Anyone who has ever played one of the popular Fallout games will recognise the world presented in Deathlands: Pilgrimage to Hell (written by Christopher Lowder and Laurence James under the name Jack Adrian). I’d go as far as to say they’d feel quite at home there.
A hundred years after a global nuclear war the world has settled into a place without borders, where land is separated into places you can live and places where the acid rains would sear your flesh from your bones.
In the continent that was once called North America no trace of government remains. There are no cities to speak of and what infrastructure remains is maintained by a series of feudal lords that called themselves “Barons”. These violent and disturbed men carve up the land between them and lord over them with iron fists, guarding their land jealously.
Across this land travels The Trader, a Baron in his own right, but a baron of a mobile city that moved from village to village trading goods and skills with the survivors.
The Trader is no hero, this was no longer a land for heroes, but he was a man with a code, and all those who worked with him shared his code. One such man was Ryan, a battered man running from some undisclosed pursuer, who served as The Traders lead war council.
After many years trading and travelling across the desolate wasteland Ryan happens upon a young flame-haired woman who insists on there being a hidden land of plenty hidden in the Badlands. Ryan had heard these tales before, but later – when he hears a very similar story from an aged actor – he becomes intrigued and begins looking deeper.
Deathlands: Pilgrimage to Hell could easily be dismissed as just another Mad Max clone, and this would not be entirely unfair, but there is more to the book. It is undoubtedly a direct response to the movie Mad Max 2 (known as The Road Warrior in the US), but as the story unfolds and we finally find the “promised land” in the shape of The Redoubt.
Here we discover something that Hollywood would later repurpose into the main plot element of the film Stargate (some ten years later) as well as containing underground complexes that gamers would recognise from Fallout (which was some six years later).
There’s not a lot of plot to Pilgrimage to Hell, but then there rarely is to stories set in a post-apocalyptic world. These tend to be stories of survival and conflict set against extreme violence and deprivation.
But it’s best not to confuse plot and story with such novels. The plots may all follow a very similar pattern but the stories, they can be as diverse as any novel.
Can be, not that they are always of course.
With the addition of The Redoubt, a system of instant teleportation across the continental US, the topography of the Deathlands becomes a whole new interesting place. It promises stories set across extremely diverse cultures derived from hundreds of years of evolution from the cultures of today.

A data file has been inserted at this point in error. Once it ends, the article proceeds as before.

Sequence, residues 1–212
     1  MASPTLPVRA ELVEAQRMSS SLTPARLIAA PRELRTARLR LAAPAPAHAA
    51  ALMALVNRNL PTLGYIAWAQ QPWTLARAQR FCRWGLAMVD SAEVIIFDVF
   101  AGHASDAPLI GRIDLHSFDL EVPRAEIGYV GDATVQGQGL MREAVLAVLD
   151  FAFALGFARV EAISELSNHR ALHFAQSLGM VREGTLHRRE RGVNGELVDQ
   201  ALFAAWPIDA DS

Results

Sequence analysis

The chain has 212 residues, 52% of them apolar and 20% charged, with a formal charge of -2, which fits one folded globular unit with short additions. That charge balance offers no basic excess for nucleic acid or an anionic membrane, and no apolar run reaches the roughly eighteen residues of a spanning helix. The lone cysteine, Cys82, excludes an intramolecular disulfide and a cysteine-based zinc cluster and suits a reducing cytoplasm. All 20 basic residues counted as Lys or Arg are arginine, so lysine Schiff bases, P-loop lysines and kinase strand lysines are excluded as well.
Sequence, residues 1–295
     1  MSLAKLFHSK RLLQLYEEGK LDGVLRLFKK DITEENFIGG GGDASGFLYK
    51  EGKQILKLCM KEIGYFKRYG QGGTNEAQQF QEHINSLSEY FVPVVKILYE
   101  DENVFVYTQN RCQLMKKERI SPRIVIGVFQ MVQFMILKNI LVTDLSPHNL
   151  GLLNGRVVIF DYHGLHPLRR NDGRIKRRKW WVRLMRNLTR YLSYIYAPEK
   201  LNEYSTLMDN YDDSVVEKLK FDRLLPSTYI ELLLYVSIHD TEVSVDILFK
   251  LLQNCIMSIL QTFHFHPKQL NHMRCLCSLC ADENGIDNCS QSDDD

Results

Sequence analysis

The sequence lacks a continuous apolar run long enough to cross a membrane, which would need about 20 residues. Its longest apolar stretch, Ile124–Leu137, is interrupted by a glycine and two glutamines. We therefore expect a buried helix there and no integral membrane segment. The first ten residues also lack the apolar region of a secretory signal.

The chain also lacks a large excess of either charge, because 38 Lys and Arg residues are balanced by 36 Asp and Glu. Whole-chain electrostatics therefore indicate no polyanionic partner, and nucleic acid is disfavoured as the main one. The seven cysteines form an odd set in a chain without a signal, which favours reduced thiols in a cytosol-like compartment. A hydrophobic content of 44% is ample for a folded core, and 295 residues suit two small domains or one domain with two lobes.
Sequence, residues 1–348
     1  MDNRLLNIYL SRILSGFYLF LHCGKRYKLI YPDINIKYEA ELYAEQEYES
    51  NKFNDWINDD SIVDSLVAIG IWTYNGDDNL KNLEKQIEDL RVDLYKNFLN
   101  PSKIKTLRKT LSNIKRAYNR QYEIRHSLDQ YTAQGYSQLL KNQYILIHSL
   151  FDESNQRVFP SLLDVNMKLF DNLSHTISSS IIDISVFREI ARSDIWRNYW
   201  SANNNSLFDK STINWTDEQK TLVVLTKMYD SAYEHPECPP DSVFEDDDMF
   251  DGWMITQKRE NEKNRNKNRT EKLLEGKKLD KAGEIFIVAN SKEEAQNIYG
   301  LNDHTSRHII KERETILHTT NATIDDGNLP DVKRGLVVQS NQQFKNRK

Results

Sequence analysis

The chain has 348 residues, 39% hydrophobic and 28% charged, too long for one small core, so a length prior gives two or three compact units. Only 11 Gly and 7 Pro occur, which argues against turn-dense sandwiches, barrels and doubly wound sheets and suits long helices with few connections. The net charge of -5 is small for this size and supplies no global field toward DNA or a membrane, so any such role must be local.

As a “set up” for future books (of which there are many, but more on that a little later) Pilgrimage to Hell works extremely well, but does it as a stand-alone novel?
This is a difficult thing to ascertain. This kind of book is rather niche. Its unapologetically “masculine” in its approach, burly men carrying a dizzying array of firearms – many of them meticulously described – while dispatching foes in undeniably gruesome ways, but it also has some moments of human interaction that come as a bit of a surprise.
When Ryan meets the flame haired woman – who we learn is called Krysty (that’s not a typo) – a romance blossoms, and the reader not only has to steel themselves to some steamy scenes but some surprising tenderness from our anti-hero.
This all comes after a few hundred pages of ultra-violence, tolchokery and devotchka chasing, so don’t expect the tenderness to come without a price.
(And if those words meant nothing to you, well…)
If you like the Mad Max movies, or you eagerly await the next Fallout then you should probably seek out a copy of Deathlands: Pilgrimage to Hell. They’re available easily enough online, but none of the books ever got a release in the UK. I particularly enjoyed the audio release, presented by a company called Graphic Audio. It was a full cast dramatization that stuck very closely to the written word, making it a full nine-hour long audio play.
I have the next three books on my shelf to read, but – to be perfectly honest – I’ll probably forego reading them if I can find the Graphic Audio presentations instead.
Deathlands is a long running series that consists of a staggering 125 books (and a further sixteen audio-only episodes), and a spin-off series called The Outlanders.
I don’t know how far I’m going to get through these 125 books, but as I’m already halfway through the second book (Deathlands: Red Holocaust) I wouldn’t be surprised if there’s a fair few of them on my shelf by the end of the year.
Be warned though, Deathlands books are pretty extreme in their depictions of violence so if you’re a “trigger warning” kind of person just assumed they have every trigger warning you can think of printed in fluorescent red on their covers.